"When I took office as an alderman, the stabilization fund had $5,000 in it. Now, it’s got $10.5 million. Obviously, we worked very hard to do that, and now that times are tougher, we may not be able to save a lot of money. We may have to continue to scale back, but at least we have that cushion."

BusinessWest:What else do you have on your to-do list?

Goyette:"One of the projects in front of us is redevelopment of the old (current) Chicopee High School. When we move into the new one this fall, we’re going to have a very large, vacant building on our hands. We’re looking at combining some city departments in there, or perhaps a senior center, or even moving the school administration offices in there. There’s a lot of consolidation that can take place, and a lot of options for us to look at.

"Ultimately, I think we’re looking at mixed uses for that building, and there are a lot of things we have to take a look at. That’s why the city is paying to have a facilities study done of all city buildings, including the schools, City Hall, any municipal building. Once we get that back, then we can determine what our options and priorities are, and decide where and how to spend money on these buildings. To this point, we’ve never had something like this; we’ve traditionally waited until something is broken and then found the money to fix it."

BusinessWest:You’re wrapping up those proverbial ’first 100 days in office.’ What has the experience been like? Is being mayor about what you expected when you decided to run for the seat?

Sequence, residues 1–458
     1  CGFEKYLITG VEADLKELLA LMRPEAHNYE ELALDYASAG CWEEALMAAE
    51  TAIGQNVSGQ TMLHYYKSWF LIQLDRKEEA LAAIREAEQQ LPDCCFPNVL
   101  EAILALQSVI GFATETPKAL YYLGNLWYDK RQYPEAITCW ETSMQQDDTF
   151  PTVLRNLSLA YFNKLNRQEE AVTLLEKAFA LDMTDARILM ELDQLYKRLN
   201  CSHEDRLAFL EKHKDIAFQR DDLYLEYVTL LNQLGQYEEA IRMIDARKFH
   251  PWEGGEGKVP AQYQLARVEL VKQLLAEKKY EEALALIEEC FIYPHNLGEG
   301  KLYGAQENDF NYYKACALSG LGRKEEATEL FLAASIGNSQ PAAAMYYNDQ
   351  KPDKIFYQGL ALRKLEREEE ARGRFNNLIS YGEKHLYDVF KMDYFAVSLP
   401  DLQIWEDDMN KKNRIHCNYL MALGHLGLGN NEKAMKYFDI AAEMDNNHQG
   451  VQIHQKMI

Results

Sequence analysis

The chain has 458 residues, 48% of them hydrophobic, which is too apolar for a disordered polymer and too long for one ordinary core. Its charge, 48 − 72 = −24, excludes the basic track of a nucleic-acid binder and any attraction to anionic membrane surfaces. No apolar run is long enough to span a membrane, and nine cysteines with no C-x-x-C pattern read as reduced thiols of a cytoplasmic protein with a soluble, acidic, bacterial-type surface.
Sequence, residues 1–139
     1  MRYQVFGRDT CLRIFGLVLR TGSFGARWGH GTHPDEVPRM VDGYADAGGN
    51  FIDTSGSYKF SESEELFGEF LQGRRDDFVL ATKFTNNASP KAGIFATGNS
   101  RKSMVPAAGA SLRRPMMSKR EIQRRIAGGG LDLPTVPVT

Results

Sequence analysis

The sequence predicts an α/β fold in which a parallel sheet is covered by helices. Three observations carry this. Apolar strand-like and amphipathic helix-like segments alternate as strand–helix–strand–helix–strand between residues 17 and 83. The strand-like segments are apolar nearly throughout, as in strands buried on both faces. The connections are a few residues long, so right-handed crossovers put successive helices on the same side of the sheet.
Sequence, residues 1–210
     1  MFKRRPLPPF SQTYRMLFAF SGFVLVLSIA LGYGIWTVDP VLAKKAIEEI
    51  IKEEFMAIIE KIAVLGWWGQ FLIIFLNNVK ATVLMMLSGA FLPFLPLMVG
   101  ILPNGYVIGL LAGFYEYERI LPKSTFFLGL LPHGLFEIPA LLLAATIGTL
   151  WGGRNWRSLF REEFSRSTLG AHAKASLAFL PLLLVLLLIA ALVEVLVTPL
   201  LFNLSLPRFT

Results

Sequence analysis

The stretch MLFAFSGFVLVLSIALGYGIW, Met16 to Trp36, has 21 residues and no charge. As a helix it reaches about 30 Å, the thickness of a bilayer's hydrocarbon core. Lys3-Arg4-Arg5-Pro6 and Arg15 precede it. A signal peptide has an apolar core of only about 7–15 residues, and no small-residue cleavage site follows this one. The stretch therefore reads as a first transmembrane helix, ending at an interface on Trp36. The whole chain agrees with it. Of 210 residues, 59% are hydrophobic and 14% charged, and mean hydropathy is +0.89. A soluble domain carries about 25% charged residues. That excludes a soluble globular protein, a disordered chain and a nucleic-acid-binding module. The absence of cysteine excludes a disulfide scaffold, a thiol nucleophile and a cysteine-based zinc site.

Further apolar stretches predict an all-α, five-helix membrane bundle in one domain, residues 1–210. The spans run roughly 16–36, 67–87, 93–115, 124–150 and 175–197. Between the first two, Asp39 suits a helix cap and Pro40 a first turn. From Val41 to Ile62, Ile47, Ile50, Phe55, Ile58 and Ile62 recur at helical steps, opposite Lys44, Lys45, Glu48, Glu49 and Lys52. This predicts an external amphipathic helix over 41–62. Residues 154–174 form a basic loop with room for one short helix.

Goyette:"It was a real advantage to me to be on the Board of Aldermen for six years, two years as president. I had a chance to work with a lot of the department heads and cope with the issues the city was confronted with; I was part of the process, and as a result I had a pretty good handle on things.

"That said, there’s a lot to do, and much of it is things that people don’t see or fully appreciate. People don’t see the nights, the weekends, and the events you’re expected to attend — the Boy Scouts, the banquets, the church services … there’s so much, and people expect to see the mayor there; it’s part of the job, and an important part.

BusinessWest:How long do you think you want to do this?

Goyette:"I just got here, so it’s really hard to say how long I might want to keep this job. I hope it’s a while. I very much enjoy the job, but it puts some constraints on how much time I can spend with my wife and family — I have two children and five stepchildren. We’ve tried to make this experience fun for the kids. During the campaign, they would come out and hold signs … it was a learning experience for them in how government works; it’s one thing to go in the classroom and talk about how people get elected, but it’s another thing to be part of the process."

BusinessWest:One more question: You’re one of the very few Republican mayors in this state. Is that going to help you or the city in any way?

Goyette:"The governor and I are on a first-name basis, but I’m not sure being a Republican is going to be a big help. But at the moment, it doesn’t hurt, either."